Are Obama’s czars using their positions to enrich themselves?

Derek Hunter Contributor
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Willie Sutton was one of the most prolific, and famous, bank robbers in history. When asked why he robbed banks, Sutton is credited with the famous response, “Because that’s where the money is.” It makes perfect sense: if you’re after something, you go to where you have the best chance of getting it. The same applies to government — if you want to beat an industry, you don’t rail against them in the opinion pages of the New York Times, you don’t sue them continuously in the courts, you join the government in a capacity that gives you control over them and regulate them until they become what you need them to be in order to advance your agenda. It’s the 21st-century version of “heads I win, tails you lose,” and it’s happening right now in the Obama administration.

Changing public opinion is a long and oftentimes fruitless pursuit; passing legislation is an even more futile endeavor. If you want to ensure the outcome most beneficial to you or your cause, the most efficient way to do so is to join the ever-growing government and simply impose through regulation what you can’t win in court, the legislature or the court of public opinion.

Van Jones, the former “Green Jobs” Czar, was one such case. He’s been involved with organizations pushing for government money to be “invested” in alternative energy. Those organizations also stood to profit from that government “investment.” He was forced to resign once it was discovered that he had signed a letter accusing the Bush administration of complicity in the 9/11 attacks, but he was close.

Elizabeth Warren is another example. She became the darling of progressives for her relentless attacks on banks and credit card companies, culminating with perhaps the greatest honor a leftist can achieve: an appearance in a Michael Moore movie. While her softball interview on the evils of capitalism with the millionaire from Flint didn’t bring about the behavioral change Warren wanted, it did increase her celebrity. It increased so much that she was appointed special advisor to Treasury Secretary Timothy Geithner and charged with establishing the new Consumer Financial Protection Bureau, with powerful control over the very industries she’d made her name attacking. What she couldn’t achieve through the front door she will now be able to impose through the back. And all without the congressional approval that being officially appointed as the director of CFPB would’ve required. It’s a pretty neat trick.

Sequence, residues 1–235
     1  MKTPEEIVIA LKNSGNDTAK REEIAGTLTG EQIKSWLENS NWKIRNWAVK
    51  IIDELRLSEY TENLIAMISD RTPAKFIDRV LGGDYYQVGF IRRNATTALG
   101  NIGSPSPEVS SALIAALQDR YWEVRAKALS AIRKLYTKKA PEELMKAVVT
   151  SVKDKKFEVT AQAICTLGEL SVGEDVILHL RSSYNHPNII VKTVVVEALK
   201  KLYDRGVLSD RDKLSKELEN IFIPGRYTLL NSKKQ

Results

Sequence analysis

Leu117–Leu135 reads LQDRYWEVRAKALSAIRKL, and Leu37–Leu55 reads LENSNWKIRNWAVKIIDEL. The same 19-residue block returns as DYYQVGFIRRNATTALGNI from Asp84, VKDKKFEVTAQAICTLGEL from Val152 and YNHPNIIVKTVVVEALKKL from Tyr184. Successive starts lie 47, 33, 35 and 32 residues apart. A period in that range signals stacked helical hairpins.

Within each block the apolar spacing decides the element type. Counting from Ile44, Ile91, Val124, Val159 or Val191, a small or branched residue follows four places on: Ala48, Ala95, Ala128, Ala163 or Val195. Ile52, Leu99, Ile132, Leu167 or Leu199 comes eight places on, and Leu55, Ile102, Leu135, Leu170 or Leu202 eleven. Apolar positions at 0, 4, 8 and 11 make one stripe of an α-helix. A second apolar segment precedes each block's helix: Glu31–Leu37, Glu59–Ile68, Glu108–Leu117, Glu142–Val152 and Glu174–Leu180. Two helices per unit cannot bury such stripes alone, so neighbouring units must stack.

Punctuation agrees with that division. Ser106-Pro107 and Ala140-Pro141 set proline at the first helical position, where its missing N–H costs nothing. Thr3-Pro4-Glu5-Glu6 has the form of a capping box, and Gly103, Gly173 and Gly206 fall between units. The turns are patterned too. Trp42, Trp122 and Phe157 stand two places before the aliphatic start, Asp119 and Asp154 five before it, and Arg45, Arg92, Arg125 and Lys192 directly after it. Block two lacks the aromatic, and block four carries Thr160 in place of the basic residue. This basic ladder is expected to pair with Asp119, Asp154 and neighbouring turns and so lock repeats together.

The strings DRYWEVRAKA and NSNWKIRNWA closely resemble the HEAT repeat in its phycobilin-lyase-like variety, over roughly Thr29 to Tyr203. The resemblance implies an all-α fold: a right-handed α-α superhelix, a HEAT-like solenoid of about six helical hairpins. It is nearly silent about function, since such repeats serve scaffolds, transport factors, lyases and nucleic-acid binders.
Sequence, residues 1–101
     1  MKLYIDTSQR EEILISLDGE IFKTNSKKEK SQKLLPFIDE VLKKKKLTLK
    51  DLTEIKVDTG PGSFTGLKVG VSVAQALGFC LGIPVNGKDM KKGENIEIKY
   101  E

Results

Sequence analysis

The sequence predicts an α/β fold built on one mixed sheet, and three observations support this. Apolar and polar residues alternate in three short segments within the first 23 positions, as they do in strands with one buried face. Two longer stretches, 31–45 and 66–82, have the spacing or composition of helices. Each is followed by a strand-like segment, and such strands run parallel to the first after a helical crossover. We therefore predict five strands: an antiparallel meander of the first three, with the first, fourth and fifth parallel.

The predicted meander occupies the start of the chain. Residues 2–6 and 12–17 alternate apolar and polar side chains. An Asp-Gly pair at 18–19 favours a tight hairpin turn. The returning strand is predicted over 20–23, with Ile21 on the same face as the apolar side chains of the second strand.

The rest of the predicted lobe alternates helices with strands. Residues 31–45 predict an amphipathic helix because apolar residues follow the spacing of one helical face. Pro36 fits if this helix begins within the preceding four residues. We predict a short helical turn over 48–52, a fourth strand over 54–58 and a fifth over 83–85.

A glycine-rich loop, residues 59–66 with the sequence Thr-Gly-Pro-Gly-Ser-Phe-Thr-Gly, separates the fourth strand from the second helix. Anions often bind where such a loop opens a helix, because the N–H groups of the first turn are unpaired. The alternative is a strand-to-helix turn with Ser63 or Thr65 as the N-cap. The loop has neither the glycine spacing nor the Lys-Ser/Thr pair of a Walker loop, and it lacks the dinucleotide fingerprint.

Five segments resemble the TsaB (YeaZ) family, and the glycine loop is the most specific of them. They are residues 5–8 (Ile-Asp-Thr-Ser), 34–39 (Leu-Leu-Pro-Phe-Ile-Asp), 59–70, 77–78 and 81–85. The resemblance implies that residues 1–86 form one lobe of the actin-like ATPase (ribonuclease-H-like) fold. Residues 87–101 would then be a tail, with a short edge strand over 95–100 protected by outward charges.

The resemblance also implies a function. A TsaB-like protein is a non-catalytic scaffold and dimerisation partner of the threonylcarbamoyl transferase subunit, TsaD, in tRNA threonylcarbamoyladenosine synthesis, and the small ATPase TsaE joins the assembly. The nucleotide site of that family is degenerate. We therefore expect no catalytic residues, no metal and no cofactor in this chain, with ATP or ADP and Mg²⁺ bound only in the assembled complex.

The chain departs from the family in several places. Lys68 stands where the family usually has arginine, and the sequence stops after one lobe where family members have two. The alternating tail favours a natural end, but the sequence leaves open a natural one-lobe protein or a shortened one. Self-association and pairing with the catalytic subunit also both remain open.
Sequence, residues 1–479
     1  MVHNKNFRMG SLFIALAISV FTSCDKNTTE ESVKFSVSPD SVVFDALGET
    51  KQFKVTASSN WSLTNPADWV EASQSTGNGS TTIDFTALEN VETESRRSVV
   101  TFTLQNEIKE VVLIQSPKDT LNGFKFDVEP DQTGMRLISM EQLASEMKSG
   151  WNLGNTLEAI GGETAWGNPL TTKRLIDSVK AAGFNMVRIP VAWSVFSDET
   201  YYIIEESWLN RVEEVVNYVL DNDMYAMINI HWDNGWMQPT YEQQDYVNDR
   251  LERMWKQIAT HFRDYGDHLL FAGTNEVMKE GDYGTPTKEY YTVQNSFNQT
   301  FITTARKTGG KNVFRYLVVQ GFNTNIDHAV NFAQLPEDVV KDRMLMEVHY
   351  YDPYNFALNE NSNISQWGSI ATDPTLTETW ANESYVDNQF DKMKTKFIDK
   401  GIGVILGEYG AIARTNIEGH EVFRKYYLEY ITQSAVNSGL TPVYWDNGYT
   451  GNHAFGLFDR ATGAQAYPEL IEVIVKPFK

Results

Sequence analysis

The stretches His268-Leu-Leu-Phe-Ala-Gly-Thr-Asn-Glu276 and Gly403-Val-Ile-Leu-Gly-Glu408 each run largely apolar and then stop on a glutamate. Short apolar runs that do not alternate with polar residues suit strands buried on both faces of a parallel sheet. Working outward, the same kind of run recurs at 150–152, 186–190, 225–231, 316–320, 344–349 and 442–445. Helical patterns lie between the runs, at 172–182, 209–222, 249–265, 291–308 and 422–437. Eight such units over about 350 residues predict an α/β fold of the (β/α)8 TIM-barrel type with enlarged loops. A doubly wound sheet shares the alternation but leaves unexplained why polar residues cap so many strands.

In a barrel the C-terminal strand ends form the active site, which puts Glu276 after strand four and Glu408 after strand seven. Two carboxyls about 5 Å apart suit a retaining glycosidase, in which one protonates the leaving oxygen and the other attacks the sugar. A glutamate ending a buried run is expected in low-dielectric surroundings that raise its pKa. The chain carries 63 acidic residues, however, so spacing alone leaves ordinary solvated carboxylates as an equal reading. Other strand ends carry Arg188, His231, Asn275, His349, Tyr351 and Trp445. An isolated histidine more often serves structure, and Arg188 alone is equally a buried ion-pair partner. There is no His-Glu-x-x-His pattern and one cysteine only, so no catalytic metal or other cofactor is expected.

But it’s not the neatest.

The title of the most brazenly self-serving regulatory power grab goes to someone who has gotten such little fanfare, someone who has been chosen to head such an obscure agency, that there’s 99 percent certainty that you’ve never heard of him. The “winner” is the administrator of the Grain Inspection, Packers and Stockyards Administration in the Agriculture Department, and his name is J. Dudley Butler. How could someone you’ve never heard of heading an agency you didn’t know existed be the most egregious example of this type of abuse? It’s simple, really.

In his days as a private citizen, Butler was a trial lawyer in Mississippi who spent a good chunk of his time suing poultry processors, with some, but limited, success. Now he’s in charge of writing the rules under which he will operate when he returns to the private sector. That alone doesn’t pass the smell test. According to Beef Magazine (yes, there is such a thing), Butler, while serving as GIPSA administrator, said the following about the new regulations he was drafting:

“When you have a term like ‘unfair, unreasonable or undue prejudice,’ that’s a plaintiff lawyer’s dream. We can get in front of a jury with that. We won’t get thrown out on what we call summary judgment because that’s a jury question.”

What does it sound like he’s most interested in serving, the public good or his profession and himself when he returns to it?

This isn’t the fox guarding the hen house; this is signing the deed of the hen house over to the fox. The conflict of interest alone should’ve been enough to keep Butler from getting the job, but that’s not how this game works. Someone as high profile as Elizabeth Warren can’t fly under the public’s radar, which is why a backdoor way was found to empower her, but Butler’s office is so obscure that he could just walk in the front and set up shop.

Whether or not J. Dudley Butler is implementing rules that will help him and his friends in their legal cases is something for time to judge. But the fact that he is in a position to do so, to aid his cause and line his pockets when he returns to the private sector, is enough to call for his resignation. The incoming Republican Congress should also look into this case and root out any others. Trust in government is a delicate balance of faith in and the integrity of those honored to serve. When there is such a clear conflict of interest and opportunity for future personal gain, that balance is irreparably out of whack. That is why J. Dudley Butler, and any other bureaucrat in a position to enrich himself, has to go.

Derek Hunter is a Washington based writer and consultant. He can be stalked on Twitter @derekahunter